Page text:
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From Adam Kocoloski <kocol...@apache.org>
Subject Re: [DISCUSS] Improve load shedding by enforcing timeouts throughout stack
Date Fri, 26 Apr 2019 21:29:59 GMT
Hi Joan, great topic.

We don’t have enough realistic benchmarking data to be really specific yet, but my expectation
is that the aggregate size of the underlying KV pairs is at least as important as number of
documents in the batch. I have no doubt we’ll be able to ingest 1,000 1KB documents within
a single operation, but bump those up to 1MB each and it’ll be a different story.

I do expect our write throughput with FoundationDB to be quite healthy, and scalable. The
use of a separate transaction log allows the system to nicely accommodate shorts bursts of
heavy data ingestion.

On this topic, it’s also worth mentioning that FoundationDB allows us (if we want) to recover
the notion of a truly atomic batch write. FDB uses optimistic concurrency control underneath
so it’s not a situation where other writers get blocked like they do in CouchDB 1.x. If
we do use this feature then the atomic batch has to be under 10MB (including revision metadata
and any indexes). Batch operations that are not flagged as atomic can be split into separate
transactions, or grouped together for performance (I believe Paul’s current prototype defaults
to a separate transaction per doc in the batch, and submits them all in parallel).

Cheers, Adam

> On Apr 26, 2019, at 4:19 PM, Joan Touzet <wohali@apache.org> wrote:
> 
> Hi Adam,
> 
> I'll bring up a concern from a recent client with whom I engaged.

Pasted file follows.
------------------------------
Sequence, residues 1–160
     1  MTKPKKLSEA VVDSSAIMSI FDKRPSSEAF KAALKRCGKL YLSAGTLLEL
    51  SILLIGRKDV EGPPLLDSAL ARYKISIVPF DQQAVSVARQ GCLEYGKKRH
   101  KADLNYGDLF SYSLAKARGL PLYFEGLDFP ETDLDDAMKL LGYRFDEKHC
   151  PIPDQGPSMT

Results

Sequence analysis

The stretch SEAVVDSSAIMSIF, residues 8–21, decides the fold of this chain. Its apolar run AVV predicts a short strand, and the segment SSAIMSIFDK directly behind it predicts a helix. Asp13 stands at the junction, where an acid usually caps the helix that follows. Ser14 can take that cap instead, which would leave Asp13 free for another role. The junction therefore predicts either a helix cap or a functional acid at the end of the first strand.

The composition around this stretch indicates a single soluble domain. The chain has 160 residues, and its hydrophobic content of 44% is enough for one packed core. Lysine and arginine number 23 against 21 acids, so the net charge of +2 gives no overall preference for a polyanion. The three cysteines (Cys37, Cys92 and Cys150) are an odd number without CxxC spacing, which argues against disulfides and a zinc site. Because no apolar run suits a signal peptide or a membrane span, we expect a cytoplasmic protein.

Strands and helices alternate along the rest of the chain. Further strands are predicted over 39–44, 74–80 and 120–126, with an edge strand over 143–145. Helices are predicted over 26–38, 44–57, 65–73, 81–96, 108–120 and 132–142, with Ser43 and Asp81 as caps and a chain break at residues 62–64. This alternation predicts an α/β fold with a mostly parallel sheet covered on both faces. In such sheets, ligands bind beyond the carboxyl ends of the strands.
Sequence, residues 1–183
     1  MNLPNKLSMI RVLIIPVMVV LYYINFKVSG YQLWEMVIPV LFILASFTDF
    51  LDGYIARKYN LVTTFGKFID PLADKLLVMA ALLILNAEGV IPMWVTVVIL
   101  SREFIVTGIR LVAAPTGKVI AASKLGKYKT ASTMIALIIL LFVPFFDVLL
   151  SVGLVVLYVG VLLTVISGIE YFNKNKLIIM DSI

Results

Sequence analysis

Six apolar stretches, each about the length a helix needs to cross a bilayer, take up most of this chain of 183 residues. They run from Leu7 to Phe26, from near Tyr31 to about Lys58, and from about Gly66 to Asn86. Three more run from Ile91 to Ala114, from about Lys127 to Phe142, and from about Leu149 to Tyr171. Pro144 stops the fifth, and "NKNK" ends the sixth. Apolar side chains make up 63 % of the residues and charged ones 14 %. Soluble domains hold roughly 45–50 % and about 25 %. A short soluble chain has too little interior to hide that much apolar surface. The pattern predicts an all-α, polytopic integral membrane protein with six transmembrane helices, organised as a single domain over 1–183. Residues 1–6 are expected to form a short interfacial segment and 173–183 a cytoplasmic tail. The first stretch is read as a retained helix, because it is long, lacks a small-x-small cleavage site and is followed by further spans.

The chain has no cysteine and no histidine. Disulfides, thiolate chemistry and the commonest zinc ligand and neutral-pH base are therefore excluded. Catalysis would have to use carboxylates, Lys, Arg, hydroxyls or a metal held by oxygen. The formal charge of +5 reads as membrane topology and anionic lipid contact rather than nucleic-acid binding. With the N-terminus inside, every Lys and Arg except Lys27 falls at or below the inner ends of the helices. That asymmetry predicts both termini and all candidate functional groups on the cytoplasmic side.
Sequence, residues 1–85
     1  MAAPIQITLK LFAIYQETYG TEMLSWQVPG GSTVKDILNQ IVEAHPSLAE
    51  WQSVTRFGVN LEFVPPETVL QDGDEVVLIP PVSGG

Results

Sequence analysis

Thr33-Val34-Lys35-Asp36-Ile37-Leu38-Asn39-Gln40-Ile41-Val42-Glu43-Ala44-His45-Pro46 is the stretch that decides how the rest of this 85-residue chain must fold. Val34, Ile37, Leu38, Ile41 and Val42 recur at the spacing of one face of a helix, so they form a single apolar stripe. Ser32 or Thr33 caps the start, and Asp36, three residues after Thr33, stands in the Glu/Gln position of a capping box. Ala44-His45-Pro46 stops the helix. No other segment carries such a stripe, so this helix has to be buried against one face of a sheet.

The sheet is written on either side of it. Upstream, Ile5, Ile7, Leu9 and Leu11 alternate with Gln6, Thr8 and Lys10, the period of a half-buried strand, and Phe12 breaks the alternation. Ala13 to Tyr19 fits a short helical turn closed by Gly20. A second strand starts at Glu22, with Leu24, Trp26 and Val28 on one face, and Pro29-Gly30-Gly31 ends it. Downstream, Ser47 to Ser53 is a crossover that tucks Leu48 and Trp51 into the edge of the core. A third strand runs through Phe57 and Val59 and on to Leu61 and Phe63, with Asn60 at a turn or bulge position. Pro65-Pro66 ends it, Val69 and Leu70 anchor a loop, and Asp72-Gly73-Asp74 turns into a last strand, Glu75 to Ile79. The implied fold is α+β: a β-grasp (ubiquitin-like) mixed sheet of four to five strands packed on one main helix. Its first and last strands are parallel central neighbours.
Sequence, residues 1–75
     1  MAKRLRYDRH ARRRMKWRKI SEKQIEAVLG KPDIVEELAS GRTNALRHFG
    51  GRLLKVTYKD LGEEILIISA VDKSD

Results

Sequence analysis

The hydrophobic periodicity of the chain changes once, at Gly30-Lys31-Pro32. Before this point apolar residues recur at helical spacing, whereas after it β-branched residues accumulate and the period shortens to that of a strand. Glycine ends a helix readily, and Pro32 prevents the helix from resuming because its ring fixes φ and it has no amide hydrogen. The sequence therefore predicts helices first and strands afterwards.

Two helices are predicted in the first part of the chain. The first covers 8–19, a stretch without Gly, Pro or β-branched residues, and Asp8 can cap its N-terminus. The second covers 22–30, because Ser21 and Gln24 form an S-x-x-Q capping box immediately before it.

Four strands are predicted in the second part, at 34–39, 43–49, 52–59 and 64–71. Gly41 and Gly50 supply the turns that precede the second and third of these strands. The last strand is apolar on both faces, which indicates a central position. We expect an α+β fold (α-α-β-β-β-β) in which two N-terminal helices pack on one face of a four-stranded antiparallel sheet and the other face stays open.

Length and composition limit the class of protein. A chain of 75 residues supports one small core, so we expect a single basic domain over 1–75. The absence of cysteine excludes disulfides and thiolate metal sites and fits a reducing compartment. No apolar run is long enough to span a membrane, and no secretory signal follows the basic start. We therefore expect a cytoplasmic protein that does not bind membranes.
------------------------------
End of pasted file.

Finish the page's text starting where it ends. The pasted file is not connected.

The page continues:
> 
> They're on 1.x. On 1.x they have been doing 50k bulk update operations in a single request.
1.x doesn't time out. The updates are such that they guarantee that none will result in a
conflict or be rejected, so all 50k are accepted. They do this so it appears atomic to the
next reader - a read from another client can't occur in the middle of the big update, because
we have a single couch_file in 1.x.
> 
> Obviously, in 2.x this doesn't work on two levels. First, there's multiple readers and
writers across a cluster, so the big bulk operation doesn't act as a blocker until it's finished
for any interposed reads. Second, you can't reliably finish 50k updates in a single batch
in a cluster anyway, because you'll probably hit the fabric timeout, if not other cluster
timeouts.
> 
> As a general rule of thumb, I advise people to keep bulk document updates to no more
than batches of 1k at a time, with the understanding that in 2.x these are not treated as
an atomic transaction (and they weren't strictly that way in 1.x, either, but never mind that...)
> 
> If we decide as a project that all operations must take less than 5 seconds, we're probably
going to have to reduce the bulk update batch size even further. I'm betting 100 would be
the upper bound on bulk updates.
> 
> Is this going to impose a significant performance penalty on bulk ops?
> 
> -Joan
> 
>> On 2019-04-26 3:30 p.m., Adam Kocoloski wrote:
>> Hi all,
>> The point I’m on is that we should take advantage of this extra bit of information
that we acquire out-of-band (e.g. we just decide as a project that all operations take less
than 5 seconds) and come up with smarter / cheaper / faster ways of doing load shedding based
on that information.
>> For example, yes it could be interesting to use is_process_alive/1 to see if a client
is still hanging around, and have the gen_server discard the work otherwise. It might also
be too expensive to matter; I’m not sure anyone here has a good a priori sense of the cost
of that call. But I’d certainly wager it’s more expensive than calling timer:now_diff/2
in the server and discarding any requests that were submitted more than 5 seconds ago.
>> Most of our timeout / cleanup solutions to date have been focused top-down, without
making any assumptions about the behavior of the workers or servers underneath. I think we
should try to approach this problem bottoms-up, forcing every call to complete within 5 seconds
and handling timeouts correctly as they bubble up.
>> Adam